UPDATE: NFL Moves to Dismiss Lawsuit Over Controversial No-Call

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On February 27, 2019, the group of New Orleans Saints season ticket holders dropped their lawsuit against the NFL.


On February 12, 2018, the NFL moved to dismiss the lawsuit brought by a group of New Orleans Saints season ticket holders over the controversial no-call in the fourth quarter of the NFC championship game. As you recall, a group of New Orleans Saints season ticket holders sued the NFL and Commissioner Roger Goodell with the goal of reversing their overtime playoff loss in the 2019 NFC championship game. According to their suit, Saints fans were “left bereft and with no faith in the National Football League for fairness despite the leagues own rules to correct such errors, along with emotional anguish, monetary loss for season ticket holders, who purchased tickets with the presumption of integrity and fairness.” The Saints season ticket holders requested that Roger Goodell use his power to replay the final 1 minute, 49 seconds of regulation of the NFC Championship Game.

Seeing as Super Bowl LII has already been played, it seems that the Saints season ticket holders’ lawsuit is all but mute. However, the NFL officially moved to dismiss the lawsuit on the grounds that the Saints season ticket holders damages claims lack standing. According to the memorandum, “ticketholders and fans do not have standing to assert claims for damages allegedly arising from the conduct or quality of the sporting event as to which they were spectators (whether ticketed or not).” Further, the NFL claims that the Saints season ticket holders’ lack standing because, at its essence, the fans “are dissatisfied with the administration of and outcome of that game;” however, “ticketholders have a limited set of claims extending from their status as ticketholders.”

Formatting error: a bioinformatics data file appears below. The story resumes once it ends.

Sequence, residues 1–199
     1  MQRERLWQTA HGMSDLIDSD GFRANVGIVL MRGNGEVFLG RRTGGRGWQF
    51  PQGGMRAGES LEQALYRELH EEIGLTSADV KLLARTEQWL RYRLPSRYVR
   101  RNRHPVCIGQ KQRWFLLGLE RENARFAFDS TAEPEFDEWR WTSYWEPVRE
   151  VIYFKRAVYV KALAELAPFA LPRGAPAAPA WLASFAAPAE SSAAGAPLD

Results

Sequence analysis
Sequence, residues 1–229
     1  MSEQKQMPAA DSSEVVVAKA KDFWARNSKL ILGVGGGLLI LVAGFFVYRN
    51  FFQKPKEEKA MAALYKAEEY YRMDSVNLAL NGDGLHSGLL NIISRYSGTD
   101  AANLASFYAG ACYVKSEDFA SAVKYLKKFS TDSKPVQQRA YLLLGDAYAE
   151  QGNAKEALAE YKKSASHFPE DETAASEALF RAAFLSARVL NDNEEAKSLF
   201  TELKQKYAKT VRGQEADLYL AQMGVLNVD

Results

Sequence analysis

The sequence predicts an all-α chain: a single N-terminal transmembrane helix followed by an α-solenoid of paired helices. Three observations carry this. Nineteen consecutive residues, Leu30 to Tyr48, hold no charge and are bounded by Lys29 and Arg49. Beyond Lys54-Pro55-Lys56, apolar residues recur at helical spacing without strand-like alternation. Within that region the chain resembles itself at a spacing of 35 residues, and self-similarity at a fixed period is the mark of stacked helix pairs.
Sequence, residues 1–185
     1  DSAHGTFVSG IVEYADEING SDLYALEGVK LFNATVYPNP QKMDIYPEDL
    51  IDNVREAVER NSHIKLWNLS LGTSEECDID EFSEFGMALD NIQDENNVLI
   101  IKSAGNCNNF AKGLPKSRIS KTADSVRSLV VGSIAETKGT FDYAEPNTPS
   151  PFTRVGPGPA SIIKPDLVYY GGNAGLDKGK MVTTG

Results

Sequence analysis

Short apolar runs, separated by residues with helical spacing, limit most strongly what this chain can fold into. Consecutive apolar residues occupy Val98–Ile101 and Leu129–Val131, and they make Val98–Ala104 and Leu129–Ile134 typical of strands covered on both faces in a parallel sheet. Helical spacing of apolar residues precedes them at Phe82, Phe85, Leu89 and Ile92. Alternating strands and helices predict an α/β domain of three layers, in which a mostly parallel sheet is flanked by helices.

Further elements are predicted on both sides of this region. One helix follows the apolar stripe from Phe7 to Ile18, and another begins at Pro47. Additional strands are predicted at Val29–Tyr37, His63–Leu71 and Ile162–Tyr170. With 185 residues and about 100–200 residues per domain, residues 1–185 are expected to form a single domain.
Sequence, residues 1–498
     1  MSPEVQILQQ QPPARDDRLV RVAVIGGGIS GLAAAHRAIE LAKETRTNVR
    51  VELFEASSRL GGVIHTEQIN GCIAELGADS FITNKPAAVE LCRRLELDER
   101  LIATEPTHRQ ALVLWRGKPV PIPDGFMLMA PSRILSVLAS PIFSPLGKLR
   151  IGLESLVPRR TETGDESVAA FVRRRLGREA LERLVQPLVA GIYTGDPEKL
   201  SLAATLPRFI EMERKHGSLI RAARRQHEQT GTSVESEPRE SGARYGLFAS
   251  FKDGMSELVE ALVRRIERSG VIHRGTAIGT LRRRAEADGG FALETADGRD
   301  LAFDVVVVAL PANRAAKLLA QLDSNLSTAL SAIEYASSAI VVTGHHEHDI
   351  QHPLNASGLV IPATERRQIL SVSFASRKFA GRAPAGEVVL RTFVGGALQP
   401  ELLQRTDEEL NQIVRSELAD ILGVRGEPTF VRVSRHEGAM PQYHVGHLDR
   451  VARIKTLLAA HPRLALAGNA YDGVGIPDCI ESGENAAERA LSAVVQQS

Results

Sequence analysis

The NFL cited one case, Mayer v. Belichick, which appears to end the dispute. According to Mayer v. Belichick, “players often commit intentional rule infractions in order to obtain an advantage over the course of the game. For instance, a football player may purposefully commit pass interference or a ‘delay of game.’ Such infractions, if not called by the referees, may even change the outcome of the game itself. At least in this specific context, it is not the role of judges and juries to be second-guessing the decision taken by a professional sports league purportedly enforcing its own rules. In fact, we generally lack the knowledge, experience, and tools in which to engage in such an inquiry.” However, Mayer v. Belichick did not leave the then upset New York Jets fans without recourse. According to the court in Mayer v. Belichick, “fans could speak out against the [defendant] their coach, and the NFL itself. In fact, they could even go so far as to refuse to purchase tickets or NFL-related merchandise … [h]owever, the one thing they cannot do is bring a legal action in a court of law.”


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